Joe, I've spent the last couple of months reading this blog (yeah, all of it, from the beginning)and can honestly say that no matter how helpful other posts may have been, this is by far the most timely.

I'm personally considering this a call to arms and am marking Dec. 15 as the deadline for my first novel, GRAY NIGHT.

You, Barry Eisler, and one or two others... I can't thank you guys enough for being a light in the dark. I just want to do what I can to make it a bonfire ;)

Also, just fyi, it has been my experience that you can indeed blame someone else for your problems... like the time I spilled my champagne all over someone else's cake. Yes it happened. Yes she blamed me. And she was totally right :)

John Walters said...

This post is spot-on, Joe. Just what I need at the moment. Certain times seem darker than others, and I have been going through one of the darkest, but all is not lost when I can still reach the keyboard.

David Glynn said...

Yeah, and if you drop cake in your champagne, that's a Parisian Depth Charge …

Alan Spade said...

"We aren't curing cancer, folks" : yes, but we can help sick people to escape for a few moments their bad condition with our writing.

We have not to give in one of the fails of our society : underestimating the role of authors.

To prove my point, I have one fantasy : what if all authors on earth would go on strike and, for one month (or perhaps more), did not publish (or give to their publisher) their work ?

Would the thing be invisible to people ? If yes, than I would agree our "importance" is negligible.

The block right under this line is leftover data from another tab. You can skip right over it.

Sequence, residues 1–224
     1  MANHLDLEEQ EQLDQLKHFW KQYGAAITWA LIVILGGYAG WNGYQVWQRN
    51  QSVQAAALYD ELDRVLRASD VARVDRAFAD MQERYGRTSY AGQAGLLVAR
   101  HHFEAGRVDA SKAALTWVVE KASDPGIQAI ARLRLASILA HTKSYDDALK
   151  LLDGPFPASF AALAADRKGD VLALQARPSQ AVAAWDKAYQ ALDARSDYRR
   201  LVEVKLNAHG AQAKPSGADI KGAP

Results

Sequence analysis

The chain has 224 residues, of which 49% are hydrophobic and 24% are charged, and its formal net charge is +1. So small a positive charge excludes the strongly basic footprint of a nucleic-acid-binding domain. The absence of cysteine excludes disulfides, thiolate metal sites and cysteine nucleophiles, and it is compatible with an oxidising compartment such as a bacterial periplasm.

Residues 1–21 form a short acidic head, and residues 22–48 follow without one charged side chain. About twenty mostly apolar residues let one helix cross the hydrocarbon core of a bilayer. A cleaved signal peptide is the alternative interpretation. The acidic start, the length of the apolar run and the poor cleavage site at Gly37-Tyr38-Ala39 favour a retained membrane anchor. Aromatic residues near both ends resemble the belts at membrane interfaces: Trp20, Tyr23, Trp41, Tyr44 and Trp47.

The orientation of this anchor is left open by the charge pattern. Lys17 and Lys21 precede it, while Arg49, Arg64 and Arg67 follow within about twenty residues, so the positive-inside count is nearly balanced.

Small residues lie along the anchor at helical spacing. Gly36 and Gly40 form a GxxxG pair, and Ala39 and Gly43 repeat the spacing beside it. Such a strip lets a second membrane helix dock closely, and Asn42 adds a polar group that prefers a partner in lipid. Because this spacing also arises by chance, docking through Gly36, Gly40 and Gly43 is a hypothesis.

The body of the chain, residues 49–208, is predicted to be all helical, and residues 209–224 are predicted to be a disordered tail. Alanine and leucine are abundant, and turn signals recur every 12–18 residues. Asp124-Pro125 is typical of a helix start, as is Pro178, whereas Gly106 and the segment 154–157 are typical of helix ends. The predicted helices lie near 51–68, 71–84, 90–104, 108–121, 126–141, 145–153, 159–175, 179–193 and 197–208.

I agree it's our fault if we chosed such a hard and unpredictable work to make a living. I agree nobody owes us anything. But look at research : it's also unpredictable. We are civilized enough to give money to research, because we know we will reap some rewards sooner or later.

For writing, and other artistic fields, there's definitely a feeling it's more of a punishing activity than a rewarding one.

In that regard, Joe's sentence : "I've still had a lot more bad days than good--at least 5 to 1" is very eloquent.

Society has to wake up. It has begun to, with ebooks. But there's still a long way to go.

P said...

Hi Joe

Why the grump? Totally feeling that way and sounding of to a theme you're observing, or a bit of straw man to demonstrate how a downer can read/feel to others? Or the tax bill!!!!

I'm always buoyed, and come away with insights, from your blog. Thank you for it. Screw candles in the dark - it's a bloody lighthouse for too many sailing in the dark and fearing the rocks.

Tax is a bit of a rock. So, in the spirit of solutions-thinking, and I'm throwing this out there (Hi, everyone!), what might be some interesting tax and ownership options, and best efficiencies, for writers/creatives start to see sales blossoming...and fluctuating?